Trailers are regularly fitted to military vehicles to increase cargo capacity or for hauling specialized equipment or weapons.
Each military truck, including jeeps, HMMWVs and other light vehicles, will have one or more trailers that are designated for use with it. Military trailers typically have the same wheel and tire size, load height, and track as the specified towing vehicle to maximize performance under all conditions and to simplify logistics.
MB-T or T3 jeep trailer of Company C, 1st Battalion, 18th Infantry Regiment, 1st Infantry Division, U.S. First Army, near Frauwullesheim, Germany, after crossing the Roer River, 28 February 1945. Available in large format, B&W at this link.
Today in WW II: 23 Mar 1939 Slovak-Hungarian War: Slovak planes strafed and bombed Hungarian ground troops. More↓
Standard lunette and pintle hook (right) join an MTVR to a generator trailer.
Nearly all tactical vehicles (wheeled and tracked) are equipped with a standard towing pintle and trailer electrical cable receptacle. Trailers, in turn, are equipped with a standard lunette ring and inter-vehicle cable that mate with the towing vehicle. Compatible electrical voltage is also made available for trailer lights and any other requirements. Although the matched trailer is preferred, almost any trailer within a weight class and with matching voltage can be connected and pulled by any towing vehicle due to the standardization of connectors. In addition, some trailers required a towing vehicle that provided an air supply for brakes or other purpose.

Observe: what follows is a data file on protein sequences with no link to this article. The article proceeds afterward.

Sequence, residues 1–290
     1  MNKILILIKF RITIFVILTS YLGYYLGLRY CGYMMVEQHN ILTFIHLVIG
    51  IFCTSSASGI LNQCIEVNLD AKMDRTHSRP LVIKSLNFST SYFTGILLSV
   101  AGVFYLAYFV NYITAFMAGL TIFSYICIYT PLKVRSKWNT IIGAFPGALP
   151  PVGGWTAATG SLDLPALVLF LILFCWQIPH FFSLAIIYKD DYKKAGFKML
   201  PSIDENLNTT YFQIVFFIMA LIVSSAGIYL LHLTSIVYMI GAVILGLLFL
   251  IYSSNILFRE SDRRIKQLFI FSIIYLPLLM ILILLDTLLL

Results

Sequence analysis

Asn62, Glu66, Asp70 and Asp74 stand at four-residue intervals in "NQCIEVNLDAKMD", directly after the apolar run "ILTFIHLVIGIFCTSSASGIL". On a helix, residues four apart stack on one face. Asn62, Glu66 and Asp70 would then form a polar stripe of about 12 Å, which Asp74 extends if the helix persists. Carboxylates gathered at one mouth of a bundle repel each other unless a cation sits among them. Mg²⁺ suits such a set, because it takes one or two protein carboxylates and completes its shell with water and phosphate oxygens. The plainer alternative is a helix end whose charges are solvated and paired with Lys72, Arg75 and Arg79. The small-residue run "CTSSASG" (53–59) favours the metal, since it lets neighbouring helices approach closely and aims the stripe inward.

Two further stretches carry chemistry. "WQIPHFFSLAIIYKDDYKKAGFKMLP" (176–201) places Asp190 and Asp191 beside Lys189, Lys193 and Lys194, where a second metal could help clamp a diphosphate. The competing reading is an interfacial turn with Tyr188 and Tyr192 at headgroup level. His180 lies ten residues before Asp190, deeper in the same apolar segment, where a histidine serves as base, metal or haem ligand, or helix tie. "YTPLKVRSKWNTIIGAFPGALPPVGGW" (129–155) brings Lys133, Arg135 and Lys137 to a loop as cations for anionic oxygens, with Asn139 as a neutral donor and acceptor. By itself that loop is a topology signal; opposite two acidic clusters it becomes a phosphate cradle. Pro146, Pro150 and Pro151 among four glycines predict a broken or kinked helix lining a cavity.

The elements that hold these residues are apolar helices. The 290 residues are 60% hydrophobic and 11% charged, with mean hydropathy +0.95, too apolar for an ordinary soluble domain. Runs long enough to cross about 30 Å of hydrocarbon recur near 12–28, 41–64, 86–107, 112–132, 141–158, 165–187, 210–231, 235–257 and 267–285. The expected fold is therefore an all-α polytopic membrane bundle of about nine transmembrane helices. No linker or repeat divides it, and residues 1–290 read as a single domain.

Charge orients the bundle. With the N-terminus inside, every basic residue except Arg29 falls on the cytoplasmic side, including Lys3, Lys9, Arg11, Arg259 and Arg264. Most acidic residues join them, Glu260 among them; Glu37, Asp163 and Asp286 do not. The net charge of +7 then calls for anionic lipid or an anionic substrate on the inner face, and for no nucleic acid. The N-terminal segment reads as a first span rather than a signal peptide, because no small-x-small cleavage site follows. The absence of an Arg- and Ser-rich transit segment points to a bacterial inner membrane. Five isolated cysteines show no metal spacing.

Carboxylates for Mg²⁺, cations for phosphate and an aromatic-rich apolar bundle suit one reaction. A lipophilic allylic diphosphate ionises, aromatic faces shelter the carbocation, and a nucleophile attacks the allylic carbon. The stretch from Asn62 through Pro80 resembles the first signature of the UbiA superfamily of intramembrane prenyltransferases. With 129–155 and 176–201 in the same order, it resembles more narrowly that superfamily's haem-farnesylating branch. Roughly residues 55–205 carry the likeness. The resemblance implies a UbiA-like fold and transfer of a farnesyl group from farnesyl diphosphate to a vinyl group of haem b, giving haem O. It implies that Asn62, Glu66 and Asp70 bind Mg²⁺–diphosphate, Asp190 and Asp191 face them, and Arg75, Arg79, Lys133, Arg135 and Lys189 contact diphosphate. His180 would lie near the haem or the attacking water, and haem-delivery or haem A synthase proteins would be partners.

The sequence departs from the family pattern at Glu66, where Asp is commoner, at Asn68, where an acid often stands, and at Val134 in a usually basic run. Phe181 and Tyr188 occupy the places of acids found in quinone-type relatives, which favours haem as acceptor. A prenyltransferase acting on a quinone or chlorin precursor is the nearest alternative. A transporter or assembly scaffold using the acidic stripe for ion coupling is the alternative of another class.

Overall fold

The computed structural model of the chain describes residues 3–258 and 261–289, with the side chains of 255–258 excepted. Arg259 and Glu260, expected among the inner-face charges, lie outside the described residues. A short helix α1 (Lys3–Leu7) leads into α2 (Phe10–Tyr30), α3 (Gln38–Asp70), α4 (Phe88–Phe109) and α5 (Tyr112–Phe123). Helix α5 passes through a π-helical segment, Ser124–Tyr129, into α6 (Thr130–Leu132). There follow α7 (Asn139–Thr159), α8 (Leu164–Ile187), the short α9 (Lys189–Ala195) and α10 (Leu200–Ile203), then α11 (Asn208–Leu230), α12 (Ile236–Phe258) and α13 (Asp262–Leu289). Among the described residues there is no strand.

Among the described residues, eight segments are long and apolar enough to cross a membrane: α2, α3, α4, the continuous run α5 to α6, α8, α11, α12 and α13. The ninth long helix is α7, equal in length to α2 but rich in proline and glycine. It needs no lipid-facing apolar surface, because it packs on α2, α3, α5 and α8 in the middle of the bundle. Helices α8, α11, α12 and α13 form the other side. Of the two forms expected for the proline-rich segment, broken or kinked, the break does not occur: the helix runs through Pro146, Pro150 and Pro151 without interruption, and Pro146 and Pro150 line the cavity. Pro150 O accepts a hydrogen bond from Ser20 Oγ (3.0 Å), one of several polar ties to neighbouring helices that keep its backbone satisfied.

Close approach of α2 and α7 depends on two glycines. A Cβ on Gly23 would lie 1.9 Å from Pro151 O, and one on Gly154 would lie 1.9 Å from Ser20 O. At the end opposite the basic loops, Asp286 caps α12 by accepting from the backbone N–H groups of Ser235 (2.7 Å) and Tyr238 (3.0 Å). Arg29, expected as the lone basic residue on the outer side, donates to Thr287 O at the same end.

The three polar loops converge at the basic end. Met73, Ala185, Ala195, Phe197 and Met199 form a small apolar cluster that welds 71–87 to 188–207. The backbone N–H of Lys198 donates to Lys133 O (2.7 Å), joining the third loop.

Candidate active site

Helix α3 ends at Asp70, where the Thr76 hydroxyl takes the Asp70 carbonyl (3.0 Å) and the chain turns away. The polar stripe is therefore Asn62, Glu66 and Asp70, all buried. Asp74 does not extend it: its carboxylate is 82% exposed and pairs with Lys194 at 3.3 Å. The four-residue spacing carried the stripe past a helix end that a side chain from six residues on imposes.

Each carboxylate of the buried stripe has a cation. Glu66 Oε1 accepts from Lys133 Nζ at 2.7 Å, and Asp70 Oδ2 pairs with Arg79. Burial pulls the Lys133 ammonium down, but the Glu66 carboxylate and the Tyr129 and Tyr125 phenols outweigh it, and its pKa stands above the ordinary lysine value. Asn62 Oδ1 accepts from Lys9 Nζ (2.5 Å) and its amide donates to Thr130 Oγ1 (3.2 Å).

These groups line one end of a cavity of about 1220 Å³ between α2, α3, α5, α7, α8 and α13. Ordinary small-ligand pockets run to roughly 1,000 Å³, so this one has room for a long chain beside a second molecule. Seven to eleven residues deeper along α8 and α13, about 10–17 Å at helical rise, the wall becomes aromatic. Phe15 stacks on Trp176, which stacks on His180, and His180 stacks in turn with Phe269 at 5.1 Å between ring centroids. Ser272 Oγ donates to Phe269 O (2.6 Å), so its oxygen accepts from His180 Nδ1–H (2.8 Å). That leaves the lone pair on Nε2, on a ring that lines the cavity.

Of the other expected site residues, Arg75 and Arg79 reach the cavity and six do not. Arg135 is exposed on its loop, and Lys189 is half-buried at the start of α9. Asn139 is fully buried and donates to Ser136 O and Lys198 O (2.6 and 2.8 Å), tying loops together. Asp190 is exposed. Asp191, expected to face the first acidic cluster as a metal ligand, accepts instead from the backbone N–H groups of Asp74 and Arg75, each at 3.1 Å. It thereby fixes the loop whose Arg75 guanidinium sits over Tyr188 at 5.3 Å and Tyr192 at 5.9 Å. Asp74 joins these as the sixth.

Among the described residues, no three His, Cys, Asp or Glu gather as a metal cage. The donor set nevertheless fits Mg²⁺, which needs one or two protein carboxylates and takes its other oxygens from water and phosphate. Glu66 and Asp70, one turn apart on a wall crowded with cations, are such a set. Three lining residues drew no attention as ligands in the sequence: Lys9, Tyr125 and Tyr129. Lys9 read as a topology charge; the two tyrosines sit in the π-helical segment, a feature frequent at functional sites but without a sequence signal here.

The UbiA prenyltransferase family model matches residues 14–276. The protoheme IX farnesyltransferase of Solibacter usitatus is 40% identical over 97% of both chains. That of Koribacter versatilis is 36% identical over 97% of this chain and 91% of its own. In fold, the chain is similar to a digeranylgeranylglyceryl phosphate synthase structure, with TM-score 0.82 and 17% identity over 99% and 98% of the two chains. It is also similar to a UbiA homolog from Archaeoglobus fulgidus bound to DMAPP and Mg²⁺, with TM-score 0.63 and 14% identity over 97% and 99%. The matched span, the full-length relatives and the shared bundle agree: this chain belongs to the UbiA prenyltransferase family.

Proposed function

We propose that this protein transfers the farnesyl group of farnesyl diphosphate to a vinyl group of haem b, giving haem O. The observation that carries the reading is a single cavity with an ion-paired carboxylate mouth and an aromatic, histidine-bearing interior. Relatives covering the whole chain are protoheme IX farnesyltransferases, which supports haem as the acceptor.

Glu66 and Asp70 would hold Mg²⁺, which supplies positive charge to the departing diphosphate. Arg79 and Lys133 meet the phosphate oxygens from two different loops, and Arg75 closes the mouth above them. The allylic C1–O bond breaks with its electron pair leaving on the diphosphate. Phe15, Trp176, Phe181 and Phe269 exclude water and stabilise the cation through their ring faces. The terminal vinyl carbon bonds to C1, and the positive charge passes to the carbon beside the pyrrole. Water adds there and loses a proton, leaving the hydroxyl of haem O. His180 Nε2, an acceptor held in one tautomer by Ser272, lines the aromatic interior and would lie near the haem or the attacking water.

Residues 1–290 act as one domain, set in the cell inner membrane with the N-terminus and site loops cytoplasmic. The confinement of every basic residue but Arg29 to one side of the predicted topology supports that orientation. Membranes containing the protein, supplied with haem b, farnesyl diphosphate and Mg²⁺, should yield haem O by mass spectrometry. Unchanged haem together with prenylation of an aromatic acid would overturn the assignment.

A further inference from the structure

Charts of Trailers for Military Vehicles
Many of the most important US military trailers are described in this section, generally starting with the World War II era. Clink on the link in this outline to go to the page with the specific chart for the type of trailer you are looking for. There you will find links to individual pages for each vehicle.
There is some ambiguity and overlap in the use of the terms trailer and semitrailer. In the Olive-Drab.com charts of military trailers and semitrailers, the term trailer is used to describe a small trailer with one or two axles in the rear, for example a jeep trailer. Trailer also describes a larger vehicle with two or more axles, front and rear, so its entire weight is borne by its own wheels. The term semitrailer refers to a vehicle that has rear axles but no front axle assembly such that at least part of its weight is borne by the towing vehicle. A jeep trailer is thus technically a semitrailer, but the term is not used for such light trailers.
A few trailers have an integrated dolly at the front (e.g. Trailer, Tank, 45 Ton, M9) so they are both a semitrailer (not considering the dolly) or a trailer when the dolly is taken as part of the unit.
Chassis models are trailers or semitrailers that have the frame, axles, suspension, electrical etc. but do not have a body. The chassis model may be the base for a series of complete-body models, such as the M126 Chassis, Semitrailer that is the base for the M127 flatbed/stake body, the M128 / M129 van semitrailers. Or the chassis may be used to build specialized units (e.g. quartermaster, engineering or signal equipment) that require a sturdy trailer chassis for mobility.